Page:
With the daily stress that I encountered as a Special Ed. Teacher and my own struggles, I needed someone to speak to. I used to speak to the school psychologist for advice when I was dealing with anxiety and depression. He would always be there waiting to listen with a box of tissues. He was the one who said “Jess, do not take this offensively because you are a hard worker and outstanding teacher, but were you ever diagnosed with ADD?” I told him that I was not but informed him of my depression, anxiety and struggles throughout my schooling. He said “intelligent and creative people such as yourself, struggle with these symptoms as well” He then suggested that I speak to a psychologist outside of school for a diagnosis.
At first, I was offended and thought to myself “who is this guy to tell me that I should get a psychological evaluation?” “What does he think I am, crazy?” That night I put a lot of thought into it and realized that I was in denial and that he was only trying to help me. I knew that he was always there to support me and helped me to believe in myself. It was the first time in my life that I chose to seek help. At 25 years old, I was diagnosed with Generalized Anxiety Disorder, ADD, and Bipolar I disorder (manic depressive).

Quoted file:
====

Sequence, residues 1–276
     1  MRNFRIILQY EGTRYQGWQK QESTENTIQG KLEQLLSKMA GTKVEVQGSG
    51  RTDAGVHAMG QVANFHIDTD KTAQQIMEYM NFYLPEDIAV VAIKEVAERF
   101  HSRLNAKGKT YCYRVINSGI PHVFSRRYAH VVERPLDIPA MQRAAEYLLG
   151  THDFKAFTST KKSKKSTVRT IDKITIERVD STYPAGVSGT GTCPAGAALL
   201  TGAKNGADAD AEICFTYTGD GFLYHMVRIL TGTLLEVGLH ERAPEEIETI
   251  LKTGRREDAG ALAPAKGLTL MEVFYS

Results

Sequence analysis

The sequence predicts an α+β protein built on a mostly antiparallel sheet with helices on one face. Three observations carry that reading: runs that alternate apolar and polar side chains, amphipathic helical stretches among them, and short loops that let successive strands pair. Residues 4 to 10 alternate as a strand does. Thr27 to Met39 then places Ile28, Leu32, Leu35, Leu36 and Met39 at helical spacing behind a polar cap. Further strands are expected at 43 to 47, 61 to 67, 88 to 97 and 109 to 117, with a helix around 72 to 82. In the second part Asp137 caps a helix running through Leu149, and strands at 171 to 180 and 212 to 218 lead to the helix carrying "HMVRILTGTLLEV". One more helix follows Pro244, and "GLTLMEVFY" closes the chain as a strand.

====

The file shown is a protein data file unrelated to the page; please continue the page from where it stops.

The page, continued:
I then was put on an antidepressant and ADD medication. I have never EVER believed in medication, but let me tell you, it has changed my life. I can achieve more throughout my day. I do not care what other people think of me, and I worry less. My mind was always consumed with thoughts of worry, suspicion, hopelessness and anxiety.I always told myself that people were out to get me and that they did not like me. On the medication, I started to take better care of myself, became much more confident, and my depression and anxiety went away. I even stopped crying at the drop of a hat.
Medicine has changed my life completely and it has helped me to feel “normal.” For once in my life, I can actually say that I love my life and look forward to the next day. It truly has changed my life and solidified that I do have a mental illness and disability. Although the medicine does not change my rapid speech, inability to be organized, and arriving to places on time, I would take that over anxiety and depression anyday.
I am extremely thankful for the day that the school psychologist gave me that advice and for my husband for dealing with my angry outbursts and the days where I went “Crazy” and cursed at him and punched walls and threw things. Not at him of course. LOL. I know…. pretty nuts right? He is a gem among gems and I can never thank god enough for having this amazing man enter my life. For the past 9 years he has supported me and is the most loyal person I know. I hope that if there is anyone out there who is reading this that does not understand ADD and mental illness, I hope this gives you some insight and a better understanding. I also hope that some readers find that they can relate to this, and that it helps those think twice before calling anyone crazy.
Well, this took a lot for me to share, but if I can help one person out there, then it is worth it and I have achieved my goal. Thank you to those who took the time to read this post. It means a lot to me.
OH, and by the way… You are not crazy! lol
~ Jess ~